To Succeed in a Crowded Space You Must Stand Out

The barriers to entry into the coaching industry is minimal.

Meaning, there aren’t many factors that can prevent or impede someone from entering the marketplace as a coach—and consequently, there’s a ton of competition.

To be successful in any industry that has a low barrier to entry (like coaching), one must find unique and interesting ways to market themselves.

This has nothing to do with the quality of service (how great of a coach they are) and everything to do with positioning (standing out amongst the vast sea of competitors).

To illustrate, a person can suck at helping others find solutions to their problems, but they can still call themselves a coach and solicit clients. Their own life could be in shambles, but they can call themselves a life coach and ask to be paid for their “life advice”. They could have never built or run a business of their own, but they can call themselves a business coach and request compensation for their “business strategy”.

Many of these people will take your money and just regurgitate a bunch of (seemingly useful) information they’ve collected over the years until the time you paid for is up.

It’s like a therapy session, except you’re not the one doing the talking.

They’re just spewing information at you with little to no regard for your actual experience.

And it’s not that they’re bad people or don’t want to help you, it’s just that they don’t understand where you’re really at—what you’re actually going through.

The immense number of options available. Countless alternative moves to take.

The doubt. The uncertainty. The expectations.

The roller-coaster ride of emotions.

How could they know these things without ever having walked the path themselves?

That’s why, although I’m often called one, I don’t like the term “coach” when it comes to what I do.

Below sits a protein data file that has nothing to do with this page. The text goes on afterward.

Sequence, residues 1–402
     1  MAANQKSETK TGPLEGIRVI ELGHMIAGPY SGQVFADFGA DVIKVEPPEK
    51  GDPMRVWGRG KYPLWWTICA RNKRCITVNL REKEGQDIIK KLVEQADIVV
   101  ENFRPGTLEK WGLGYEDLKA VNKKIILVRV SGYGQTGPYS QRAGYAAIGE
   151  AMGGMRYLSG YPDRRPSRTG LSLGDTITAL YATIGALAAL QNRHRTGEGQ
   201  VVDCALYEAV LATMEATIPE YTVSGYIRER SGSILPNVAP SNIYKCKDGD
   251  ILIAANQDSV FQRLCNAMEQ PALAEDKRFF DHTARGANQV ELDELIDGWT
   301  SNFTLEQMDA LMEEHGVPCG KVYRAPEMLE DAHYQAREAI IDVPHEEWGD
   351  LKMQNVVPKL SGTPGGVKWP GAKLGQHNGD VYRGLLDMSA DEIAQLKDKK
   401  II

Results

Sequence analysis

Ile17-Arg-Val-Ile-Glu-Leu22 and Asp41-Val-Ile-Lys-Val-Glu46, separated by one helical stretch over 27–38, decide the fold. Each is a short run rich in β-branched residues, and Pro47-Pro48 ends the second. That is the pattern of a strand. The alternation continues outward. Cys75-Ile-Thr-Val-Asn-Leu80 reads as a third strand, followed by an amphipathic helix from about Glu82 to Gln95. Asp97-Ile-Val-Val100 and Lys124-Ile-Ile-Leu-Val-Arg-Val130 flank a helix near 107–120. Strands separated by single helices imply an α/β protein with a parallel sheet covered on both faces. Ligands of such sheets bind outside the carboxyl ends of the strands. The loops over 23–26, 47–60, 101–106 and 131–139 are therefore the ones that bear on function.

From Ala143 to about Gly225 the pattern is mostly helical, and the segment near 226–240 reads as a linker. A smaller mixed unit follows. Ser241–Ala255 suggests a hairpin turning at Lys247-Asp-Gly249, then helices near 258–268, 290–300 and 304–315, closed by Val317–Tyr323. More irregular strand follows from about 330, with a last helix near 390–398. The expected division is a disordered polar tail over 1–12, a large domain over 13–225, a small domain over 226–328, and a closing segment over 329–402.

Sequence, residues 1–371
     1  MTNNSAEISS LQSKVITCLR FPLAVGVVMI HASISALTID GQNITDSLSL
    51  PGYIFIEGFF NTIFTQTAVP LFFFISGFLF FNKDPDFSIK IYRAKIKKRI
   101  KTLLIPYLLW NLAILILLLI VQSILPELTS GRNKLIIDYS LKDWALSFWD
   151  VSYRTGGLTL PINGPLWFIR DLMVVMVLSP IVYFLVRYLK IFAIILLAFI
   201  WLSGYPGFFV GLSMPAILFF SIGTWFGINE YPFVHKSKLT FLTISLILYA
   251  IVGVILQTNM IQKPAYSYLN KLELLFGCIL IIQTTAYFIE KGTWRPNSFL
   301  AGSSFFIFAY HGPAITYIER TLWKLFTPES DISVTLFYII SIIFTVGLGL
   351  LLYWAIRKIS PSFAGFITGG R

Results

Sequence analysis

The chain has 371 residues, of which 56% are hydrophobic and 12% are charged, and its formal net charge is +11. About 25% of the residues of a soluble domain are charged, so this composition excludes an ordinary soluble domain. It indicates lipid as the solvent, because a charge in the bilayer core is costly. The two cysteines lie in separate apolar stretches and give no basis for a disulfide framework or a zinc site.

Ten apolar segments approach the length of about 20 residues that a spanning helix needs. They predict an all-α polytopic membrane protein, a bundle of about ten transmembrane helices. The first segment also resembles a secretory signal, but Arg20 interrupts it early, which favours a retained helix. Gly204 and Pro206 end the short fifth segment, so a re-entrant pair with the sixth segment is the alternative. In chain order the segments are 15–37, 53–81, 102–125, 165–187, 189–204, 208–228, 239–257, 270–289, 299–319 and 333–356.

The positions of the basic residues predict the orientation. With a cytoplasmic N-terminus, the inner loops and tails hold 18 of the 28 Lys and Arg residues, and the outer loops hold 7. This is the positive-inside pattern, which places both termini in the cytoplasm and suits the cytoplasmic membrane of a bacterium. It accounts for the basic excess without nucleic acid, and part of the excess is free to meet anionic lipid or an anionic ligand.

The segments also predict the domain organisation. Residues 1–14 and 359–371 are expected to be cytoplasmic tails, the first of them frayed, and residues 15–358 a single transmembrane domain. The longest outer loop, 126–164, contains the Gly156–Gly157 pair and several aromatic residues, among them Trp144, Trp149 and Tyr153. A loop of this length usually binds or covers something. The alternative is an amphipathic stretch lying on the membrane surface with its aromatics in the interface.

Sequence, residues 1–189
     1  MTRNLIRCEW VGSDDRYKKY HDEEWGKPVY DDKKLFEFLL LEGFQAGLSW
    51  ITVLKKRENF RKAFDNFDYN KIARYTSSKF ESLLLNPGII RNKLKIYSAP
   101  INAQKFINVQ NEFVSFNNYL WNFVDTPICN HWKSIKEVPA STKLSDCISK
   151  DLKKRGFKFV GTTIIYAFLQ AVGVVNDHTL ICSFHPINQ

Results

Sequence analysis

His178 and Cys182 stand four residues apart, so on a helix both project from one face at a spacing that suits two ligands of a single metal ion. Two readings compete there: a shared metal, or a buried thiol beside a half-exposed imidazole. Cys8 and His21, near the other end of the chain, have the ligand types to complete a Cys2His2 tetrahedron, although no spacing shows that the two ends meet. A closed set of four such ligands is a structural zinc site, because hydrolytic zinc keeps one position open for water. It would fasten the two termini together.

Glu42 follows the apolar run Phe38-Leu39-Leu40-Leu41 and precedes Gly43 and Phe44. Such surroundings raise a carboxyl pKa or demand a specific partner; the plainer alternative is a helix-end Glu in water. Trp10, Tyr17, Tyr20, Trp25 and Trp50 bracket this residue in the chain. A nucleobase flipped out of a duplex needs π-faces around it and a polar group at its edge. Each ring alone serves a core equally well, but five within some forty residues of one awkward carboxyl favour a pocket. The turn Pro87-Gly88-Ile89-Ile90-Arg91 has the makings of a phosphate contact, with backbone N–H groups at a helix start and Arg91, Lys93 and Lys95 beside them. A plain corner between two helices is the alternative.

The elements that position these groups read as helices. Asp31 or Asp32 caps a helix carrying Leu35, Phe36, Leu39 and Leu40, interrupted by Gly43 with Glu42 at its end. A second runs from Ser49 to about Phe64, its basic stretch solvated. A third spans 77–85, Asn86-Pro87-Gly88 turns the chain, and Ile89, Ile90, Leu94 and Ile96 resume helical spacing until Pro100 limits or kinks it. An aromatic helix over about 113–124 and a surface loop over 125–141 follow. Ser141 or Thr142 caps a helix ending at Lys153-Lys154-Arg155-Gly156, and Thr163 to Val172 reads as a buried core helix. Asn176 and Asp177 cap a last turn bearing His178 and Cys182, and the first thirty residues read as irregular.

I’m not saying all coaches are bad or that they don’t have value to provide, but what I am saying is that the general perception that’s been formed around coaches limits what the good ones actually do.

That’s why whenever I’m asked if I’m a business coach or a life coach, my response is typically this: I’m a mentor.

I employ not just the information I’ve collected but also the experiences I’ve gone through to help you.

And not just that, but also all those whom I’ve observed and studied that walked side by side with me.

My knowledge + my unique experience + the distinct lessons learned from the successes and failures of my colleagues.

Nobody can get that without having walked the path—not to the degree I have.


So, there you have it, an insight into what I do intertwined with a subtle example of how to position yourself in an industry with a low barrier to entry and lots of competition.

Remember, it doesn’t matter how great your product is, or how valuable your service is, if you can’t find a way to put it in front of others to sell it, you’re stuck with no one knowing about your greatness.

The best way to do that is to STAND OUT so that you’re not grouped-with-the-herd-and-hard-to-notice.

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